Golden Ring of Russia, Vladimir
Vladimir, the city included in the Golden Ring of Russia, has such a long history, that scientists still have doubts concerning the date of its foundation. But whenever the city was founded, its glorious history began with knyaz Vladimir Monomakh (1053-1125) who let Vladimir become the defensive center of Rostov-Suzdal Principality. The city owes its further prosperity to Andrey Bogolyubsky who transferred the capital of the principality to Vladimir in 1157. After the reign of his successor, powerful Vsevolod the Big Nest, the title of all Vladimir's knyazes became ‘the great'.
In the end of the 15th century, at the time of the growth of the Moscow State, Vladimir started losing its importance, though it always was a significant city. Nowadays Vladimir is the administrative center of the region and one of the biggest tourist center in the European part of Russia.
After the year 1917 the historical center of Vladimir was significantly rebuilt, even so there are 239 ancient buildings dated 17-18 centuries and protected by the state. Moreover, in 1992 several architectural complexes were declared as World Heritage Sites by UNESCO as ‘White monuments of Vladimir and Suzdal'.
The most famous sight of Vladimir is the Dormition Cathedral (Uspensky Cathedral) dated the 12th century. It is an outstanding white-stone architectural monument of pre-Mongolian Ancient Russia which served as specimen for later cathedrals, including the Dormition Cathedral in Moscow. It is also the one of not many cathedrals where several unique frescos of the great icon-painter Andrey Rublev have remained intact.
The Cathedral of Saint-Demetrius is another great architectural wonder of the 12th century. This cross-in-square church was built in accordance with traditions of Vladimir-Suzdalian school and is famous for its white-stone carving.
The fortified Golden Gate of Vladimir was built in 1164 during the reign of Andrey Bogolyubsky. This gate had, besides its main fortified function, the aim to create the triumphal atmosphere by decorating the main entrance into the wealthy part of the city that belonged to boyars and knyazes. In the past the gate was covered with sheets of gilded copper which were shining in the sun and impressing the contemporaries. In the 18th century, having suffered the devastating fire, the gate was reconstructed using the same stones, and a new brick church appeared at the top of it. That is how the gate looks nowadays.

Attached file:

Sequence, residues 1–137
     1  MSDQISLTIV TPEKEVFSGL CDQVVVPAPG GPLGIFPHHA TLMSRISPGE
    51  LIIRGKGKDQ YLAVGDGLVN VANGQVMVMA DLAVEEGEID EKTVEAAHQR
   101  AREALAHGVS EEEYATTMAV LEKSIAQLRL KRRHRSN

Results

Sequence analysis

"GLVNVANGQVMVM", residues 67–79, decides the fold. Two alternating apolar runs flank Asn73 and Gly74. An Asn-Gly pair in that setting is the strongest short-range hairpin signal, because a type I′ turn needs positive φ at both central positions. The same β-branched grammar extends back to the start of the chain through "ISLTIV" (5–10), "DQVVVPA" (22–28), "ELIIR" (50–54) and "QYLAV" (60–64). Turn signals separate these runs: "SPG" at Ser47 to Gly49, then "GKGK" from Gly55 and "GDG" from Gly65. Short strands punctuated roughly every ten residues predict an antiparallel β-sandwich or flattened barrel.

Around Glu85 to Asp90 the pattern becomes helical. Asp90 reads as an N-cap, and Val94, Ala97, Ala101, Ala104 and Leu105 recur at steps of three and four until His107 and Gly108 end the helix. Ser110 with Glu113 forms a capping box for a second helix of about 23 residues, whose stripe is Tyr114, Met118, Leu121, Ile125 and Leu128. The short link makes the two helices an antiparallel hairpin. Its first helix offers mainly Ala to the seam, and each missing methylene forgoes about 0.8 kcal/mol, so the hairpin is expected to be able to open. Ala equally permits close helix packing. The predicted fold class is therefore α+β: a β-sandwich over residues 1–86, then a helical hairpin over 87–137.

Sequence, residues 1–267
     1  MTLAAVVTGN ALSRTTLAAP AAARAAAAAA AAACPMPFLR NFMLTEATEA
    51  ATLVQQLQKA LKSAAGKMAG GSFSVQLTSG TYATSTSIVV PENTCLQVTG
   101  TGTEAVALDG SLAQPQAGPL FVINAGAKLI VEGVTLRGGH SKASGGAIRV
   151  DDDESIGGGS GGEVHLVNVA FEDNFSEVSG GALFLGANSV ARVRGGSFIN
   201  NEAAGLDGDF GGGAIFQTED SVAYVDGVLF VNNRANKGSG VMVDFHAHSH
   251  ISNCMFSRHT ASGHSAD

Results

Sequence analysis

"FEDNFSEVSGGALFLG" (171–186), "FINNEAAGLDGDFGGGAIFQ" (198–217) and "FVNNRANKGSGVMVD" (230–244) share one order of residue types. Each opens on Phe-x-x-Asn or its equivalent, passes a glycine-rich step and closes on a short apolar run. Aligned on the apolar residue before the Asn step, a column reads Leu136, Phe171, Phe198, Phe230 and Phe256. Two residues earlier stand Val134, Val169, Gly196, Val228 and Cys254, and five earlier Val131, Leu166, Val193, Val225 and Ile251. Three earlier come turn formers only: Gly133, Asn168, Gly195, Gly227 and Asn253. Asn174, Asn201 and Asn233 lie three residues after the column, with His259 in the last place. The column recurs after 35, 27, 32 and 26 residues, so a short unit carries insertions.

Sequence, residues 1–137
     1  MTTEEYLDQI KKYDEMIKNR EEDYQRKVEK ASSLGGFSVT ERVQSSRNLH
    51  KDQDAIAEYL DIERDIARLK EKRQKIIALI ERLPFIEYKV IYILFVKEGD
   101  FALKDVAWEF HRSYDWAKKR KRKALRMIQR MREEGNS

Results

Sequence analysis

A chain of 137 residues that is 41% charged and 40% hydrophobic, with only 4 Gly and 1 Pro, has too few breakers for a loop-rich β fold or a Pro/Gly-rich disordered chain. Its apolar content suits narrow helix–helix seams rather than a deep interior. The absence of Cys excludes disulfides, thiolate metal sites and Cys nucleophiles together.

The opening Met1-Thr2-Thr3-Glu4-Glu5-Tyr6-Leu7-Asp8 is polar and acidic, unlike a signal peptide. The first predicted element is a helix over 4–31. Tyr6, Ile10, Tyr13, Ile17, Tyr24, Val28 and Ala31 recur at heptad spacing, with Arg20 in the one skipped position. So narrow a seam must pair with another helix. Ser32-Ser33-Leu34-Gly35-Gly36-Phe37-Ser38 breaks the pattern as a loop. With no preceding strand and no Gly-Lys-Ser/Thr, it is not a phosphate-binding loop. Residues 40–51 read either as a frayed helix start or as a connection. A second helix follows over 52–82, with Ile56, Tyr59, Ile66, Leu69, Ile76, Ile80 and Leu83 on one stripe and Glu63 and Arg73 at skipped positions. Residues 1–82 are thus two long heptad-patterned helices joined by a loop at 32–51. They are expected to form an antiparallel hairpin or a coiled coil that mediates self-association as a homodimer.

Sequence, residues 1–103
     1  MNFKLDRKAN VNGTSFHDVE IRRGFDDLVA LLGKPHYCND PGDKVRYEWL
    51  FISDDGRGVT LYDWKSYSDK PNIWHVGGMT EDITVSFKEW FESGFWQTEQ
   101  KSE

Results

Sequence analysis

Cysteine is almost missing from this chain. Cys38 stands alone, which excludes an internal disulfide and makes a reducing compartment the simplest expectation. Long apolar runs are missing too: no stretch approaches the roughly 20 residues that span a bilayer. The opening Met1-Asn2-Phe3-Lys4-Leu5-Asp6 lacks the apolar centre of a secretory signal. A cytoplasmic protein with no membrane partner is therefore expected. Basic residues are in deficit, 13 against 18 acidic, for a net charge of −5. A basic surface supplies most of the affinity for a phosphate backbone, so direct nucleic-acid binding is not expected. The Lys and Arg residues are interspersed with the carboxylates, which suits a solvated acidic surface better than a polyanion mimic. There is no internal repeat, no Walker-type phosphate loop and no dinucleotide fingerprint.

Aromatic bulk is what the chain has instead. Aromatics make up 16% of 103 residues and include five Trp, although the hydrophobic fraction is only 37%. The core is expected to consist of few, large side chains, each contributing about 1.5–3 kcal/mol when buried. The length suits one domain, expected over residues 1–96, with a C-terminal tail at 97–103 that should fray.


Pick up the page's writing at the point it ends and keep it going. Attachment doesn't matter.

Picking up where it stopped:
The architectural monuments of Vladimir are so unique that they were represented on reverse of commemorative coins issued by the Bank of Russia. Not only the city, but the whole Vladimir's region preserved a lot of great monuments. One of them is a rural settlement Bogolyubovo, situated two kilometers from the city, which is a former residence of knyaz Andrey Bogolyubsky who had been reigning between 1157 and 1174.
The foundation of Bogolyubovo is strongly connected to a legend of the appearance of the Theotokos to knyaz Andrey. This is the very place where a monastery was founded and a starting point of the history of this settlement. The ancient walls of the abode as well as the residence of knyaz have not remained in their original forms. But even later monuments of Bogolyubovo are ones of the greatest and most important sights of Russia. In the first place it is the Bogolyubsky Monastery of the Theotokos. Its complex includes the remainings of the Andrey Bogolyubsky's palace — the only civil building of Ancient Russia that has remained till nowadays, at least partially. In addition, there are the Church of Annunciation built in 1683 and rebuilt in 1804, the Church of Nativity dated the 18th century and the Bogolyubsky Cathedral created in 1866 in a Russian-Byzantine style according to the project of the architect Konstantin Ton.
A mile away from Bogolyubovo the famous Church of the Intercession on the Nerl is situated. All the features of this 12th-century monument are unique, beginning with the very place of its foundation. The church was built in a lowland on a small man-made hill situated in a water-meadow. Nowadays riverbeds of existing rivers have changed their position, but previously that was the very place where the Nerl river flowed into the Klyazma river, so that the Church was situated on a spit between the two most important trade ways.
The base of the Church sinks approximately five meters into the ground making it possible to resist the rising level of water at the time of overflow. The walls of the Church are strictly-vertical, but due to properly selected proportions it looks like they lean inwards making the whole building seem higher. The dome drum of the Church with narrow windows is rather delicate and high so it adds an impression of rising skywards. The Church is decorated with the exquisite white-stone carving associated with traditional Vladimir-Suzdalian art of building. Experts admit the subtlety of proportions and an overall harmony of the building, so sometimes the Church of the Intercession on the Nerl is considered to be the most beautiful church of Russia.
Our panoramas can give you the opportunity to take a closer look at all this historical, architectural and cultural heritage of Russia which was declared by UNESCO as ‘White monuments of Vladimir and Suzdal'.
Photos by Stas Sedov, Dmitry Chistoprudov, Dmitry Moiseenko
6 March 2015